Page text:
Another Rough Day for Stocks

While the Treasury Department announced a complete U-turn earlier today and abandoned its plan to buy toxic mortgage assets, Wall Street kept going in the same direction: Down.

Major indexes dropped more than 4 percent today with more companies reporting more losses as more consumers decide that now may not be the time to buy beyond the basics.

"[The year] 2009 is going to be the first year since 1980 that we see a drop in consumer spending," said Marshal Cohen, chief industry analyst with the market researcher NPD Group.

The Dow Jones industrial average lost 411.30 points, or 4.73 percent, to close at 8,282.66. The Nasdaq lost 81.69 points, or 5.17 percent, to close at 1,499.21 and the S&P 500 lost 46.65 points, or 5.19 percent, to close at 852.30.

"We are in a severe recession that will only get worse," said Charles Myers, chief of U.S. equities at Foxx-Pitt Kelton. "Every morning, a new company in a different sector announces more bad news."

Electronics retail giant Best Buy today cut its sales outlook for the upcoming holiday shopping season and now anticipates a sales decline of 5 percent to 15 percent for the November-to-February period, compared with a year before.

"In 42 years of retailing, we've never seen such difficult times for the consumer," said Brian Dunn, Best Buy president and chief operating officer. "People are making dramatic changes in how much they spend, and we're not immune from those forces."

The company's stock lost 8 percent of its value and closed at $21.97 a share.

Wall Street also fell after Treasury Secretary Henry Paulson announced that the government will not use the $700 billion Congress allocated through the Troubled Assets Relief Program, or TARP, to purchase mortgage assets.

"Our assessment at this time is that this is not the most effective use of TARP funds," he said.

Later, the Treasury secretary defended reversing course on how to use the money provided through the TARP program.

"I will never apologize for changing the approach when facts change," he said. "We moved quickly and powerfully to address the situation."

Instead, the department will continue to focus on providing taxpayer money to purchase stakes in some of the nation's banks in order to provide them with money to lend and thereby stabilizing the financial system.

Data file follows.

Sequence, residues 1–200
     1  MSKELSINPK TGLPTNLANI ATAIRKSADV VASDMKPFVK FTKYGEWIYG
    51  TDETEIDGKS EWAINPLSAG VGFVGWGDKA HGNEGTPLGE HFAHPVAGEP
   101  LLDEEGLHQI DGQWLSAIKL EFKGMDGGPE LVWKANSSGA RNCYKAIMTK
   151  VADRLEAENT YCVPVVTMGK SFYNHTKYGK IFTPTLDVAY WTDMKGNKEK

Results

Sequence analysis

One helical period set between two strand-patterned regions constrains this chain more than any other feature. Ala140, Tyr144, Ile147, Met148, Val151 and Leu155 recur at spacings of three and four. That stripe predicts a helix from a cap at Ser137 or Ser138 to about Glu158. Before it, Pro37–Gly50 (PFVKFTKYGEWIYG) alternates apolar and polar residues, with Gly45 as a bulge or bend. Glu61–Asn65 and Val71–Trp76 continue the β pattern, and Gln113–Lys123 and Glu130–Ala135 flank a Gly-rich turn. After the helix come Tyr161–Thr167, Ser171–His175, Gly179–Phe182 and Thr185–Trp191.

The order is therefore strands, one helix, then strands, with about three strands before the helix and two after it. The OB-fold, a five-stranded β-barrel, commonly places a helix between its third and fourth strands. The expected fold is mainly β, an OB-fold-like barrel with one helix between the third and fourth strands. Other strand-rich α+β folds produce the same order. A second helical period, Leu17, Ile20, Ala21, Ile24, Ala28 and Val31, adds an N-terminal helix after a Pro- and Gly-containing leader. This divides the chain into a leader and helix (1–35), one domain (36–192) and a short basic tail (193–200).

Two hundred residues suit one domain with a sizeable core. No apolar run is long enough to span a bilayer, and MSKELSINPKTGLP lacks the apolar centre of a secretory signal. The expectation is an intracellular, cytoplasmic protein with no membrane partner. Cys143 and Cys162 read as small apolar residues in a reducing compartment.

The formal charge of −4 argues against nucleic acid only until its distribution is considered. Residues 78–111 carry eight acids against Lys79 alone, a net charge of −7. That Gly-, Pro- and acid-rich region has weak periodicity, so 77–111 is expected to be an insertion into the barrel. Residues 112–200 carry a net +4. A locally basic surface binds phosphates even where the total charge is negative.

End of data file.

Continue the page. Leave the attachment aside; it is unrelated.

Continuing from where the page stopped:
Paulson also indicated that the government could use the funds to support the nonbank financial sector that provides nearly 40 percent of the credit consumers rely on for credit cards, auto loans and student loans. He also said the department continues to explore strategies to reduce foreclosures.

But one industry unlikely to benefit from the changes announced today is the failing auto industry. "The automakers are important to us and a key part of the manufacturing industry," Paulson said. "I've said very clearly that we need a solution, but it has to be one that leads to viability and the intent of the TARP was to deal with the financial industry."

The White House today said it wants the auto industry to succeed but stressed that Congress must act. "We have gone as far as we can with the authority Congress has given in order to help industries," White House spokeswoman Dana Perino said.

As more signs indicate that both the U.S. and the global economies continue to suffer, oil prices have plunged, as have gasoline prices. And the Energy Department now forecasts gasoline consumption will drop 3 percent for the year. For 2009, total oil consumption is expected to decline by 1.3 percent.

Oil prices closed today at $56.16 a barrel, dropping $3.17, or 5.3 percent.

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